Joe Thompson ;0)
Joe, I was around back then, but too young to know what silent films even were, I think. If I ever went to the Avenue Theatre, I'm sure it must not have been on a Friday night. I certainly don't remember the venue (which was not exactly near my neighborhood). But on your prompting, I had some fun poking around the theatre's page at the great Cinema Treasures site.
The Keaton double-bill was a blast! Nobody laughed (loud enough for me to hear) at the wall collapse. But at least person let out a spontaneous "wow!"

Chris Elliot was about to mention the famous moment during his introduction, but some guy (not me)
shouted out "don't tell them!" and he nodded and complied with the request.

His score for STEAMBOAT BILL JR. was tremendous, especially during the cyclone, and his score the THE NAVIGATOR was very good too. During a couple moments I wondered how some of those images with just the two of them alone on that giant
ship (about as eerie as physical comedy gets) with spookier accompaniment. Perhaps too reminiscent of Scooby-Doo.

I can see why THE NAVIGATOR was Keaton's biggest hit as an independent. There's not much more fun than laughing at the foibles of the pampered, impractical rich, is
there? I might have imagined it, but I got the feeling the audience approval was a little more
restrained in the last reel or so of THE NAVIGATOR, when the cannibals are introducted. People were still cheering for Buster's heroic triumphs, but the cheers didn't seem as loud or sustained. I could easily have been projecting my own feelings though. I don't hold it against the filmmakers when I see them perpetuating cartoonish stereotypes as villains, but I often have trouble letting myself just enjoy the gags, even when they're really clever and well-executed.
Brian - thanks for a first-hand account of a modern audience's reaction to a couple of slapstick films from the past. I was worried that you might forget since the blog-a-thon is over, but I should've known better. Looks like the falling wall stunt in Steamboat Bill Jr. still works (as a suprise gag), at least to some degree.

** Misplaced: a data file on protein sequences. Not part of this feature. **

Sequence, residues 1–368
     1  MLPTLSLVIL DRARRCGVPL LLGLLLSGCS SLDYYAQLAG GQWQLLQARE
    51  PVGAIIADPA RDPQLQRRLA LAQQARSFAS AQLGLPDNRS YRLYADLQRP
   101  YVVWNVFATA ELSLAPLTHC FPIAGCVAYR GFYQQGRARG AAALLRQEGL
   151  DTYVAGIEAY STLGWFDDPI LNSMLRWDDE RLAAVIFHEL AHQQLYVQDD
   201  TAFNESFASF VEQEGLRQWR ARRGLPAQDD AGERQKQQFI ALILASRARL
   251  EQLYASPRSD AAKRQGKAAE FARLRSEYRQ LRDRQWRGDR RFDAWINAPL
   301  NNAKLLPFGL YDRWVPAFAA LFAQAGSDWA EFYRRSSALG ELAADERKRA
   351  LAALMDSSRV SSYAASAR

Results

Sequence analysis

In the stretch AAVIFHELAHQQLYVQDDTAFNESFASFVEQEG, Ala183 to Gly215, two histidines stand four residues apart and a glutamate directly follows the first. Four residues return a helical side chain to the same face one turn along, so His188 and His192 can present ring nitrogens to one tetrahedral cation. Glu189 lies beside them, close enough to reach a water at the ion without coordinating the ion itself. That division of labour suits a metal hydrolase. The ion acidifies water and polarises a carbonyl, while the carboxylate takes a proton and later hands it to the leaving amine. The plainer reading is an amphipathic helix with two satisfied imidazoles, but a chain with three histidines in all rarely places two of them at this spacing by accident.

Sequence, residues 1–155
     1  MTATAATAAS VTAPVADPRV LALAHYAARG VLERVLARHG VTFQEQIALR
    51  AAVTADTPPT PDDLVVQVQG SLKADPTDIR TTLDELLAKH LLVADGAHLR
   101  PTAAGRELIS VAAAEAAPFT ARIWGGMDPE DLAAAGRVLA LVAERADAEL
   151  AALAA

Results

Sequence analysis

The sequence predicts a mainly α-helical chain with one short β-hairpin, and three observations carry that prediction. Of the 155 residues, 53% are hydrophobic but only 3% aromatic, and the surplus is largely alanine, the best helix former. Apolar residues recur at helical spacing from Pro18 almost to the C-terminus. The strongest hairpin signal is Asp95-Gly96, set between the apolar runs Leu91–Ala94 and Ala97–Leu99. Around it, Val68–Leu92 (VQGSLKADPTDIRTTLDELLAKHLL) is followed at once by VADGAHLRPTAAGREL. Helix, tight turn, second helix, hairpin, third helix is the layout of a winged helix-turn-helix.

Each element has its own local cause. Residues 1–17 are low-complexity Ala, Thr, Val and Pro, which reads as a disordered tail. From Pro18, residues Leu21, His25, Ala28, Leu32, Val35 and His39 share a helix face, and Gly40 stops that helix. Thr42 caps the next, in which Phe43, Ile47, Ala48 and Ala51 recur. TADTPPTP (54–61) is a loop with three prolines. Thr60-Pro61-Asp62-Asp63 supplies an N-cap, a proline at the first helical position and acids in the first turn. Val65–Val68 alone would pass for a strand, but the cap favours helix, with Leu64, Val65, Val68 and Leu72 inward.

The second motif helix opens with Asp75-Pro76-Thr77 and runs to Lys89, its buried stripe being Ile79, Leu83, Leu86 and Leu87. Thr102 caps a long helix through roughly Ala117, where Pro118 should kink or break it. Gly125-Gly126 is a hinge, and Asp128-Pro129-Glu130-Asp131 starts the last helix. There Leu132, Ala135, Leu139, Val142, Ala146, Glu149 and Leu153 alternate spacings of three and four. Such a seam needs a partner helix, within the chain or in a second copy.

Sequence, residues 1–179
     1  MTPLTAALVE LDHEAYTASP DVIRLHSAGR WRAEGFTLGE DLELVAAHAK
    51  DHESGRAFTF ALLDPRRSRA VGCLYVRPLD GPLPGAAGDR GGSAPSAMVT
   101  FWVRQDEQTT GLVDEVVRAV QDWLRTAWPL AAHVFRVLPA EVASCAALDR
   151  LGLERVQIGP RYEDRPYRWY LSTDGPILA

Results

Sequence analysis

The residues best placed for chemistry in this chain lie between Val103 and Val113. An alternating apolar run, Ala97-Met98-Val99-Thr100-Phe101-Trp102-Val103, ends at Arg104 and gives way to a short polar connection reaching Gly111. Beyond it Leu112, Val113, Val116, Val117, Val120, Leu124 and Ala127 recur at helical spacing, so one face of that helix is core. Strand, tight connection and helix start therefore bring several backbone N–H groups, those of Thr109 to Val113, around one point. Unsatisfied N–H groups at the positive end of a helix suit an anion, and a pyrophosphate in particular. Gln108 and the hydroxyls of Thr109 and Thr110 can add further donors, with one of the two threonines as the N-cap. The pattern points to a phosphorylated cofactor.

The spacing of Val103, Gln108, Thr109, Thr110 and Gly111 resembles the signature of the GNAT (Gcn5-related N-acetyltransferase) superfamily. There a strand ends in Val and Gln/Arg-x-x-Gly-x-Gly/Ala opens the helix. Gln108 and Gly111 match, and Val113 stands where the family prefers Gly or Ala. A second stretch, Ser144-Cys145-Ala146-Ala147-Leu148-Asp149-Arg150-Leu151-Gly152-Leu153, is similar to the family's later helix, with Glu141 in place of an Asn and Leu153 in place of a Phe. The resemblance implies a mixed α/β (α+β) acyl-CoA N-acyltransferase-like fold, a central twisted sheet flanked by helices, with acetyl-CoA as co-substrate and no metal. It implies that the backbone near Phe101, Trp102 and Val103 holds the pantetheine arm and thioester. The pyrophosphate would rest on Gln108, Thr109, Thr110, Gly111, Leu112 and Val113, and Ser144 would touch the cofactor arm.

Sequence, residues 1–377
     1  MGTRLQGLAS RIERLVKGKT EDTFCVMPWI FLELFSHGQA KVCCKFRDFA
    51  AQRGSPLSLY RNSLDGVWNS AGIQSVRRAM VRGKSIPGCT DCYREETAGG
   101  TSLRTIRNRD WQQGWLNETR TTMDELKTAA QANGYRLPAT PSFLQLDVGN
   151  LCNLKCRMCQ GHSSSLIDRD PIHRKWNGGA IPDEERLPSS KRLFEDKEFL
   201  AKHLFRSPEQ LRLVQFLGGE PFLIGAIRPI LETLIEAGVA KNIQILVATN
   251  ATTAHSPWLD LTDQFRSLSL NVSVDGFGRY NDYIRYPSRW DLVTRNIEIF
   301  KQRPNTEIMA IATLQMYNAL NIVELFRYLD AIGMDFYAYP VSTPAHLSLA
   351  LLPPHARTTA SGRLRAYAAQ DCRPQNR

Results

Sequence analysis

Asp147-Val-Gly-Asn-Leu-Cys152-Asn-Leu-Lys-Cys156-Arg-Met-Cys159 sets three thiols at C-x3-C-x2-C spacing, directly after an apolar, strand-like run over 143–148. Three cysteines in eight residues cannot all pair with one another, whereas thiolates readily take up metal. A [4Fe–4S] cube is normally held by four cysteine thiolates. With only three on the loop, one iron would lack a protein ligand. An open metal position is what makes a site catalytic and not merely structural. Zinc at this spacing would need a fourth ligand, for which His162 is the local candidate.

I was present at a screening of MY WIFE'S RELATIONS where a truly beautiful group gasp accompanied the waterfall rescue.

Of course, my favorite reaction to a gag of Keaton's is one Brian has heard me speak of before. In the wonderful ONE WEEK there is the gag where Keaton goes through a door which has been installed where a second floor window should have been. He cannonballs to the ground spectacularly.

"He didn't know!" said my friend's 4-year old with genuinely delighted surprise.

Back to the wall. Lloyd Schwartz made a good point about variable film speed and this particular gag. If the film is projected too fast, the facade seems like balsa wood and some of the edge is lost.
Another reason to thank the current silent film exhibition scene. No more of that wrong-speed projection around here! (at least, I've never been subject to it)
Of course the film of which I posted was OUR HOSPITALITY. It co-starred Keaton's wife, Natalie "Nate" Talmadge, but was not, in fact, called MY WIFE'S RELATIONS.